- Be sure to get more than one estimate.
- Require references that specifically include other homes in your area, and check them.
- Make sure you review and understand all documents sent to your insurance carrier.
- Never pay a contractor in full or sign a completion certificate until all the work is completed.
- Don’t be pushed into signing a contract right away. Never sign a contract with blanks or statements like “see insurance estimate, etc.” – fraudulent contractors may enter unacceptable terms later.
- Always ensure that before you sign a contract it includes all the requirements established in Colorado Senate Bill 38.
- Scope of work and materials to be provided.
- Cost for same based on damages known at the time the contract is entered into.
- Approximate dates of service.
- Roofing contractor’s contact information.
- Identification of contractor’s surety and liability coverage insurer and their contact information.
- Contractor’s policy regarding cancellation of contract and refund of any deposit including a rescission clause allowing the property owner to rescind the contract for roofing services and obtain a full refund of any deposit within 72 hours after entering the contract.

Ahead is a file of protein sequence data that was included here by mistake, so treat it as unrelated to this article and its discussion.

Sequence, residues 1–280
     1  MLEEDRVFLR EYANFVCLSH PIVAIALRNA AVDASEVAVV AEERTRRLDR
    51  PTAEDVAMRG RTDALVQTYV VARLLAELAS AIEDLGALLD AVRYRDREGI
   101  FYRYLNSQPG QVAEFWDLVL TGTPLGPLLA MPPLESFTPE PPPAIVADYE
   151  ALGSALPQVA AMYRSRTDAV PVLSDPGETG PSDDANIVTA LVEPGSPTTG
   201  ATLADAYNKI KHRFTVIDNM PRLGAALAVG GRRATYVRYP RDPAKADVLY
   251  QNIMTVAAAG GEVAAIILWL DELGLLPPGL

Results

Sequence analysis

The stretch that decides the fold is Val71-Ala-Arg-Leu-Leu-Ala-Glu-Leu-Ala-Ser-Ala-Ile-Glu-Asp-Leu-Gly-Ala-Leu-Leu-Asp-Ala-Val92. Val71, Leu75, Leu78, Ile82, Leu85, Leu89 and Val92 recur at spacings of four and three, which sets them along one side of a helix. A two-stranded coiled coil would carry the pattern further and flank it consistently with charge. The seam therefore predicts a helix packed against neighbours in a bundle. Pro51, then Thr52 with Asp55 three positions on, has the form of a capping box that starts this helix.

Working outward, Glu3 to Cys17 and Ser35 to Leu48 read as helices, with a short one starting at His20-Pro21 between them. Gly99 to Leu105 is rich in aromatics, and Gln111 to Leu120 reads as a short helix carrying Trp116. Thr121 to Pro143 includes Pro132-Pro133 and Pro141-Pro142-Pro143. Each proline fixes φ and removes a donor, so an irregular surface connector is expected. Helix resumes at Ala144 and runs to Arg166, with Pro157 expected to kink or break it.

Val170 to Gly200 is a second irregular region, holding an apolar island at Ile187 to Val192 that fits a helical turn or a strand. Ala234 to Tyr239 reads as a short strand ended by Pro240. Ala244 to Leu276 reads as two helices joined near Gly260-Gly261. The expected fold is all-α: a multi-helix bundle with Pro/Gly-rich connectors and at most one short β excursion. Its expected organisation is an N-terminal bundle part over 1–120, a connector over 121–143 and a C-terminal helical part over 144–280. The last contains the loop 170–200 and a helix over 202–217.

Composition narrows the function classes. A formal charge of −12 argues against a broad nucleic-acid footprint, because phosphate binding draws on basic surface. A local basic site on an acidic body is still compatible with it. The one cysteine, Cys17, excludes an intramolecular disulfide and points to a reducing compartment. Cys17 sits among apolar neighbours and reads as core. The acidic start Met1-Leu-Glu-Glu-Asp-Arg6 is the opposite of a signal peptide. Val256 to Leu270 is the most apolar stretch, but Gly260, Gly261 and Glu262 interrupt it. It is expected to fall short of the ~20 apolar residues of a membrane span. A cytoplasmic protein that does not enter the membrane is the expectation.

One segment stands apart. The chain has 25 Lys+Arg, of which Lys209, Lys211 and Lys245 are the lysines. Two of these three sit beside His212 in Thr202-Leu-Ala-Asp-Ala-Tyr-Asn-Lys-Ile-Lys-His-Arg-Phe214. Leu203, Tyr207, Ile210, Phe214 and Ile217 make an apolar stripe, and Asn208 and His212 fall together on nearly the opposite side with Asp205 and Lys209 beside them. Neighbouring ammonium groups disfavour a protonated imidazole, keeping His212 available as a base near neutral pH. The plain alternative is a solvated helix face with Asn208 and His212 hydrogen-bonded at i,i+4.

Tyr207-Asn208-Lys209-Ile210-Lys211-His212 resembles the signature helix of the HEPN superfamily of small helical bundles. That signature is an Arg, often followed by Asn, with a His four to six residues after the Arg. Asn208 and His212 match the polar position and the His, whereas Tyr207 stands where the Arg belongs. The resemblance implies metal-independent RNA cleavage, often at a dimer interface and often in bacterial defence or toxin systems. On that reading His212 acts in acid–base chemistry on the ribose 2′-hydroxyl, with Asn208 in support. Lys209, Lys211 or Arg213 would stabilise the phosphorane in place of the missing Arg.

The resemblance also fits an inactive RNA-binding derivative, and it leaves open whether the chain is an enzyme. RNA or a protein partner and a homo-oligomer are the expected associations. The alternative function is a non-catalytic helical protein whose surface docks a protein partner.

- A statement that if the property owner plans to pay for the roofing services through an insurance claim, the contractor cannot pay, waive or rebate the homeowner’s insurance deductible in part or in whole.
- A statement that the contractor shall hold in trust any payment from the property owner until the contractor has delivered roofing materials to the jobsite or has performed a majority of the roofing work on the property.
- A statement that the property owner may rescind a contract for services, the payment for which will be made from the proceeds of a property insurance claim, within 72 hours after receiving notice from their insurer that the claim is denied in whole or in part.
Organizations participating in the No Roof Scams campaign include:
- Better Business Bureau – Denver/Boulder
- Colorado Division of Homeland Security and Emergency Management